message 21: by Susan (new)

Susan | 9214 comments Mod
I was interested in your comments about Ingots. It was convoluted, but my knowledge of Cornwall is nil (I've never even been there in fact), so I'm not sure my being British helped much... However, it is a good point - she, presumably, was writing very much for a home market at that point. Do you think this is something that helps, or hinders authors. Not just Christie, but also modern authors?

Next story is Motive V Opportunity, which is Mr Petherick's offering. Like so many Christie stories, this revolves around a will.


message 22: by Lesley (new)

Lesley | 383 comments In the Bloodstained Pavement, probably about half way through, I suddenly 'saw' the ending in my mind. It just seemed so clear who, and why.

Ingots was rather convoluted. Seemed to go into too much detail, but I thought that's because he, Raymond West, is her nephew.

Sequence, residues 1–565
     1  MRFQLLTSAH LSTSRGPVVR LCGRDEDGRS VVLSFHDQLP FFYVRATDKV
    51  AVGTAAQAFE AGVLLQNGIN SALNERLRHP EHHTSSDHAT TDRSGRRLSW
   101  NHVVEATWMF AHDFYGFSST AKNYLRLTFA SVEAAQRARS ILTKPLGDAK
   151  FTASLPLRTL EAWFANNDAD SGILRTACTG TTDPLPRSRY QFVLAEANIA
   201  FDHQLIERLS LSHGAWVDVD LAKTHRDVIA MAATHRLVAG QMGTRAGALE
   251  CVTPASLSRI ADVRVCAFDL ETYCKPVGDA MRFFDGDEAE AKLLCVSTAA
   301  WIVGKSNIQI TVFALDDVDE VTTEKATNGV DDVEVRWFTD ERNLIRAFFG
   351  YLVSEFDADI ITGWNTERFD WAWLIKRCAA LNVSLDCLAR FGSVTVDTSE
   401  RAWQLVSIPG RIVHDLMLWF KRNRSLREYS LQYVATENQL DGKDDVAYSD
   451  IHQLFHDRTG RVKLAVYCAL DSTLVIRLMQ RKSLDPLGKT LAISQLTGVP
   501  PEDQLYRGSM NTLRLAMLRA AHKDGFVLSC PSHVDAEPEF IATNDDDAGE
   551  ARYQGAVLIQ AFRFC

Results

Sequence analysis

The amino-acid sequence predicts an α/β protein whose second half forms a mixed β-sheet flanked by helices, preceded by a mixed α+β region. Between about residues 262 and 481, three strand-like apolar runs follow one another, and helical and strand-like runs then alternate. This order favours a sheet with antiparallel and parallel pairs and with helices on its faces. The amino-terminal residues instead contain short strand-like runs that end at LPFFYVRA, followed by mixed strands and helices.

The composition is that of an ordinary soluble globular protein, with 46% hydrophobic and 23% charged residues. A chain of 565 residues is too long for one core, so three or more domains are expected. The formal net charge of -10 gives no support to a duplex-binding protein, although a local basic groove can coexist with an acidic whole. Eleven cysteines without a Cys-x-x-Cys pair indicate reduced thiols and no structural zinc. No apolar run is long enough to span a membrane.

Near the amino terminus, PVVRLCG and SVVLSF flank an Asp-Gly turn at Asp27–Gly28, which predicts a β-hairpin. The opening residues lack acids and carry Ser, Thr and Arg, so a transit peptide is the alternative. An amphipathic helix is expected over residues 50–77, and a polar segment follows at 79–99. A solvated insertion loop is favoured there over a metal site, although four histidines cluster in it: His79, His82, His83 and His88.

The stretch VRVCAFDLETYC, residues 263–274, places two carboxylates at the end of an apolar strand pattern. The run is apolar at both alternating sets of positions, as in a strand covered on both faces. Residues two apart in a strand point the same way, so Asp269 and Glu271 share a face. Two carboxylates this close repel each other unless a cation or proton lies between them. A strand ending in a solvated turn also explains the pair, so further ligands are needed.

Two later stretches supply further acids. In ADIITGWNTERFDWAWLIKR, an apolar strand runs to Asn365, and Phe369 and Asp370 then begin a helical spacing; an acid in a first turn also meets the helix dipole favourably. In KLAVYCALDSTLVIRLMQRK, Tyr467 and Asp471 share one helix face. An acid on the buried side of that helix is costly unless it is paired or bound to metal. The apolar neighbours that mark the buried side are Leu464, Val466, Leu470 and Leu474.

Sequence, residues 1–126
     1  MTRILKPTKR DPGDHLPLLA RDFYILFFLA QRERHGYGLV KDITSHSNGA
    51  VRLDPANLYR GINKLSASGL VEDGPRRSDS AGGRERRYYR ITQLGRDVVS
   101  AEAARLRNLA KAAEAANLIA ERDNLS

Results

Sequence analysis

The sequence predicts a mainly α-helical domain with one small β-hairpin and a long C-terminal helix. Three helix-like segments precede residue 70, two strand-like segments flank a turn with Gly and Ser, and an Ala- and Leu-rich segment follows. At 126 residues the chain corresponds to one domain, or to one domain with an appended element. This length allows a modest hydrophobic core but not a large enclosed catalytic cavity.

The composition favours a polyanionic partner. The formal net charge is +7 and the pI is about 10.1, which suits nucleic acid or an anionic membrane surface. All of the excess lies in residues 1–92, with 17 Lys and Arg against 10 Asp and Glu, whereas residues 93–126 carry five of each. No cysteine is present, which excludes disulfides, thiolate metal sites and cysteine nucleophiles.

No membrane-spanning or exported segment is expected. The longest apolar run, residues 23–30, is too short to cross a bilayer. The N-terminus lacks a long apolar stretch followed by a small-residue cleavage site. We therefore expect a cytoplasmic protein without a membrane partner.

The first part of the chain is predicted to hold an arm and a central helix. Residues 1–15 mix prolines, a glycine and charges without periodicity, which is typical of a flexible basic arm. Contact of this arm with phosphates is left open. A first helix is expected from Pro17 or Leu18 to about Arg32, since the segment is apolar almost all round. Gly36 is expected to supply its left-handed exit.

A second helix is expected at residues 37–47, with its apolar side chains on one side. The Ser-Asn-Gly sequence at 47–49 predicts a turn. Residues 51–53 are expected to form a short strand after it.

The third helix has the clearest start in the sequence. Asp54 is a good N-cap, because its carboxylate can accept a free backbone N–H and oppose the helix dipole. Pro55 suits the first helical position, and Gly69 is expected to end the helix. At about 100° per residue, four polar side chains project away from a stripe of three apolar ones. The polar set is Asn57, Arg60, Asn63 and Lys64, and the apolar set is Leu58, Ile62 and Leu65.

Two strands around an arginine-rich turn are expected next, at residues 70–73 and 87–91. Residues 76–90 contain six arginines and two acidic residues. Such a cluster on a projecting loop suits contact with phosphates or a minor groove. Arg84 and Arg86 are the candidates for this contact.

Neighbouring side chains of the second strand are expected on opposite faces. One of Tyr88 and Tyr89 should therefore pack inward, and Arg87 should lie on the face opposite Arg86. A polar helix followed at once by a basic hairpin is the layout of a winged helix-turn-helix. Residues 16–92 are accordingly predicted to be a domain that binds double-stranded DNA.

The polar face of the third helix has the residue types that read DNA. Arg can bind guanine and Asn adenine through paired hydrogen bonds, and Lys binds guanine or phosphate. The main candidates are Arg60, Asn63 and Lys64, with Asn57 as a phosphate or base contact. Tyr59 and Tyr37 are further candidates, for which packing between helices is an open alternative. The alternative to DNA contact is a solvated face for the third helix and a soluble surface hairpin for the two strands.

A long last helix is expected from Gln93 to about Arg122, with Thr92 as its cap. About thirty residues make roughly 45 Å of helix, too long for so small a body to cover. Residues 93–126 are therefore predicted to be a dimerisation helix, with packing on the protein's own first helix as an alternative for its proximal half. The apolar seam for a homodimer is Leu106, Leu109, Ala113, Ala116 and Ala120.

As has been said before, often short stories were serialised in weeklies, which I felt she may have been using the stories to test the waters, as much a vehicle to introduce and develop future characters, and to gauge who of them might be more popular among readers.


message 23: by Susan (new)

Susan | 9214 comments Mod
Absolutely agree, Ella's Gran. I think the short stories were author's bread and butter and a good testing ground for trying things out.


message 24: by Lady Clementina (new)

Lady Clementina ffinch-ffarowmore | 1068 comments Bloodstained pavement was a lot like Evil under the Sun. I haven't looked up the publishing dates but I'm assuming this was a prototype. I also remember another short story with similarities to Evil under the Sun but not whether it had Miss Marple.


Carol She's So Novel꧁꧂  | 589 comments Lady Clementina wrote: "Bloodstained pavement was a lot like Evil under the Sun. I haven't looked up the publishing dates but I'm assuming this was a prototype. I also remember another short story with similarities to Evi..."

That's what it reminded me of!

Short stories were a way a lot of these early 20th century authors made a quick buck (or pound!) Heyer is another author of the era who worked their short stories into either other stories or books.


message 26: by Carol She's So Novel꧁꧂ (last edited Feb 13, 2017 01:17PM) (new)